updated 10 Jun 2013, 13:19
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Sun, May 05, 2013
ST Urban
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(Un)dress to impress
by Rohaizatul Azhar


Kate Moss caused a stir at the launch of Carine Roitfeld's book launch in Paris in February, as her presence usually does.

This time, however, it was not the rock-star aura of the British supermodel that created a buzz, but her outfit.

The 39-year-old wore a Saint Laurent Paris ensemble that was straight off the fall/winter 2013 runway - a black jacket over a bodysuit. But unlike the runway model, who had a skirt on, Moss left her house without putting on her pants.

While some felt her outfit was in sync with her reputation as a fashion maven, others wondered if it was a cry for attention.

As veteran fashion show producer Daniel Boey says: "There's a fine line between breaking the rules of fashion and showing a complete lack of taste. In this case, it reeks of bad taste and desperation."

But Moss is not the first style star to go without pants in public. In the past year, Rihanna, Miley Cyrus and Beyonce's younger sister, Solange Knowles, have also gone bottoms-free at various public events.

A rash of overly sexy dresses, with plunging necklines down to the navel and slits up to the hips, have also been spotted on the red carpet, with stars such as Heidi Klum, Halle Berry and Jennifer Lopez all raring to bare as the stakes go up.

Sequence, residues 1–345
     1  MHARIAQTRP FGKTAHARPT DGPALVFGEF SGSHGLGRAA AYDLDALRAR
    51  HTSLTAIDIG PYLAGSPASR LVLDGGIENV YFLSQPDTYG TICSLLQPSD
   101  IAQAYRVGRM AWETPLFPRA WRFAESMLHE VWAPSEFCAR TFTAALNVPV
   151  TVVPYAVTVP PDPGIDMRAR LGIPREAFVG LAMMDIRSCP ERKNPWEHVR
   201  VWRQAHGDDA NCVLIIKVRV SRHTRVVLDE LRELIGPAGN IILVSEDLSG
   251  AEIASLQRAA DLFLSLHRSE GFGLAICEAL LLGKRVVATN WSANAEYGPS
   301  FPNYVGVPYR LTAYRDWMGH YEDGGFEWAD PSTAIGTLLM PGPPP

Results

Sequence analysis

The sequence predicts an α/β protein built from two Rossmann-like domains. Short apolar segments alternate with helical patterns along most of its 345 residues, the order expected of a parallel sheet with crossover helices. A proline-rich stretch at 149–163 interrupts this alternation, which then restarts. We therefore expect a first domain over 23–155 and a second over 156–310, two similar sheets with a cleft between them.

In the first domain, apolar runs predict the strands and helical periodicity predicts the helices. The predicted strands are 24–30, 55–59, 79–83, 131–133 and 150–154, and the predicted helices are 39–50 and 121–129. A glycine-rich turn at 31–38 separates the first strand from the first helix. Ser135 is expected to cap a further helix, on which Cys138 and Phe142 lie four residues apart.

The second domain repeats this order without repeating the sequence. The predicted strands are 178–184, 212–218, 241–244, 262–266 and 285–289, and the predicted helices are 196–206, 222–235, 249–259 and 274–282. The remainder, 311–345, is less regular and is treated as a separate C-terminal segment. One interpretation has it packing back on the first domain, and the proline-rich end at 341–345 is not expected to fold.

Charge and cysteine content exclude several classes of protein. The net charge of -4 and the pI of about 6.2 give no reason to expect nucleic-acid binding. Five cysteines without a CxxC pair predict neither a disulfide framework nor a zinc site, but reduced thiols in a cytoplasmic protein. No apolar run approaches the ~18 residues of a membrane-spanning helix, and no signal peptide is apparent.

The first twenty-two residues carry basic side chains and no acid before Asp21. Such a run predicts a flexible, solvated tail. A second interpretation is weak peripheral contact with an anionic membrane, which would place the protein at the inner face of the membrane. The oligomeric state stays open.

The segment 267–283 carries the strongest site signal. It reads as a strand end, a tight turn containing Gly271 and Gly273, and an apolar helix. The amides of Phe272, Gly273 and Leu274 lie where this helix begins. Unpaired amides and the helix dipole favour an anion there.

Mr Boey says: "Sex sells, as they say. So, many are going in that direction to get attention. But one can be sexy without being vulgar."

The red carpet, however, is no longer the only platform for celebrities with a penchant for exhibitionism.

Social media tools, such as Twitter and Instagram, are fast becoming avenues for celebrities to share personal pictures of themselves - sometimes in various states of undress.

For instance, singer Rihanna regularly posts Instagram pictures of herself in sexy poses.

Social media analyst Tania Chew says these platforms now form part of celebrities' personal branding as well.

In a phone interview with Urban, the 36-year-old, who works for Word of Art, a media consultancy, adds: "Sure, it is your own personal page, but you have to set some boundaries. If anything, you owe it to your fans to present your best image."

And while it is the prerogative of celebrities to dress however they like, housewife Fiona Wang, 37, feels they should also act responsibly.

Her nine-year-old daughter is a fan of Miley Cyrus. With her increasingly provocative dressing, the teen idol seems eager to shed her wholesome image as the star of the former Disney Channel sitcom, Hannah Montanna,

Ms Wang says: "While I do teach my daughter not to follow fashion trends blindly, she is at an impressionable age and it is hard to instil all the right values when kids these days are constantly being exposed to celebrity culture, whether it is on TV or the Internet."

At the end of the day, stars, like everyone else with a social media presence, have a choice, Ms Chew points out. They can control what they put out on their blogs, Facebook pages and Twitter and Instagram accounts.

"It all boils down to how you want to brand yourself because you cannot take back whatever you have posted online," she says.

Click here for photos.

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